Now, many people must have thought that the drama in Okuama Community was coming to an end. Yet are others who thought it wise to wait for the outcome of the investigation by the many security agencies who have taken it upon themselves to get to the root of the matter.

But for the members of Okuama Community, the drama has just begun.


As we speak, they have dragged the Nigerian Army to court.

See Why Okuama Community Is Dragging Nigerian Army To Court
Nigerian Army

Simply put, members of the community are certain that the attack which occurred in the community after the dead bodies of the slain officers were discovered was a reprisal attack by the Nigerian Army.

The Invasion

Now, they want the court to judge the case.

A Federal High Court, in Warri, Delta State, commenced proceedings on Thursday on the case.


The Okuama community is seeking ₦100 billion in damages from the Nigerian Army.

The community alleges military invasion and destruction.

To them, this attack followed the March 14, 2024, incident where 17 military personnel were killed during a peace mission amidst communal clashes.

The case, filed under reference number FHC/WR/CS/41/2024, involves 17 plaintiffs representing the Okuama community.


They include Victor Akemor, Madam Omotiwori Olarehor, and 15 others who claim their fundamental rights were violated by the military’s actions.

The Case

During the initial hearing, the community’s legal representative, Akpokona Omafuaire, affirmed the court’s jurisdiction over the case.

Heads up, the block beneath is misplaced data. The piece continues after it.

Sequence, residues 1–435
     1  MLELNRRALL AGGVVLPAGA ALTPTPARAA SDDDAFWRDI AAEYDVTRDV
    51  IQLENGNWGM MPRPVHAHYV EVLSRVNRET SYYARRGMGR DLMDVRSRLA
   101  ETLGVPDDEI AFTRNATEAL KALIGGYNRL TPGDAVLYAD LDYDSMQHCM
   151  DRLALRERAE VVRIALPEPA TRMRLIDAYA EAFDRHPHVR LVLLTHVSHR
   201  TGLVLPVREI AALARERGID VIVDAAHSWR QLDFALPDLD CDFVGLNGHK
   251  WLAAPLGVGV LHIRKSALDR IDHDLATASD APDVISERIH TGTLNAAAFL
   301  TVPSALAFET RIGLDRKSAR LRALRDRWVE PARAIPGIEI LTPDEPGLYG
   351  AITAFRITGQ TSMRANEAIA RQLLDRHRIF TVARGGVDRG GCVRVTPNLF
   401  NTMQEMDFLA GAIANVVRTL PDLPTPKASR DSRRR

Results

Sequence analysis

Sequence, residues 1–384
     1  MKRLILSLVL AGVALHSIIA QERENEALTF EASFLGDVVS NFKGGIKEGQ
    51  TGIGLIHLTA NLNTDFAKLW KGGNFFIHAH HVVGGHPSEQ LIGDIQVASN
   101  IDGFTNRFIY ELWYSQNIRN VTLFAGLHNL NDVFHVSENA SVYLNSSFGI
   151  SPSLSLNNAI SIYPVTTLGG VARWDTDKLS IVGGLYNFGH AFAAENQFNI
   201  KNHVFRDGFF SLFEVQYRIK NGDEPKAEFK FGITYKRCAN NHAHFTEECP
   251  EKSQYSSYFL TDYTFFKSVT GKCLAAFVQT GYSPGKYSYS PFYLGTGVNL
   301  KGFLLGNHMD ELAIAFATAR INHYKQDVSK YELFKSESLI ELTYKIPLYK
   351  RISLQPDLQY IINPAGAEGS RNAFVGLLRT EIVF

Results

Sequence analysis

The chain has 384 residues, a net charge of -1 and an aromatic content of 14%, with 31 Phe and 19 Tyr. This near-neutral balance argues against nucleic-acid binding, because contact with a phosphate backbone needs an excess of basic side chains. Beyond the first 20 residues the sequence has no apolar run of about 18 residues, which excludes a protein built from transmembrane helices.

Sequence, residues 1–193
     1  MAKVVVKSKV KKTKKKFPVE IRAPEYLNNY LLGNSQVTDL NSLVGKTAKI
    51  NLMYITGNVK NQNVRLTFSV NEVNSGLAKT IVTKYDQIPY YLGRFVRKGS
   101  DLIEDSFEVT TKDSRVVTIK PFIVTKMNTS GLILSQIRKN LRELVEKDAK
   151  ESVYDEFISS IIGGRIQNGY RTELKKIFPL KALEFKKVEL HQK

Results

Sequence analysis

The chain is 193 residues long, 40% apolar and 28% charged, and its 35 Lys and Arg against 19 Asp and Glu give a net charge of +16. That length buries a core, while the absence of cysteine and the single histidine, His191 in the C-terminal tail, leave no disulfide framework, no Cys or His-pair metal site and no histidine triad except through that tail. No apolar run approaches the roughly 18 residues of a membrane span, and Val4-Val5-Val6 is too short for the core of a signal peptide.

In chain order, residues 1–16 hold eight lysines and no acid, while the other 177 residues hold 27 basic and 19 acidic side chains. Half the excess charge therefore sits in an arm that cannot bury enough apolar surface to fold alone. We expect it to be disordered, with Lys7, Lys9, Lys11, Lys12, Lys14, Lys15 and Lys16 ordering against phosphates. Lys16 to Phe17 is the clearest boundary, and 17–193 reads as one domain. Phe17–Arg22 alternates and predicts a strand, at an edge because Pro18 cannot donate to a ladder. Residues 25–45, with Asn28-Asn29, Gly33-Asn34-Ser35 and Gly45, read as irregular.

Omafuaire cited multiple sections of the 1999 Constitution that address human rights.

Notably, the Nigerian Army was absent from the proceedings, with no legal representation present.

Justice I. M. Sani, presiding over the case, has scheduled the next hearing for June 4, where the substantive issues will be addressed.

The plaintiffs are demanding compensation for the alleged violation of their rights.

These include the dignity of human persons, fair hearing, private and family life, freedom of movement, choice of residence, and property ownership.


According to the lawsuit, the military operation led to the extensive destruction of the Okuama community.

Only the Anglican Church, Okuama Secondary School, and the Aderha Primary School were spared.

The plaintiffs also accuse the military personnel of looting properties.

They even went as far as imposing collective punishment on the community.

This was done without proper investigation or evidence linking the residents to the soldiers’ deaths.

Also Read: #OkuamaMassacre: Army Board Begins Sitting In Warri

The community members described the aftermath of the invasion as catastrophic, forcing them to flee to forests, bushes, and creeks, living in destitute conditions without basic necessities such as shelter, food, or water.

Furthermore, they highlighted their exposure to harsh weather conditions, wildlife, and health risks.


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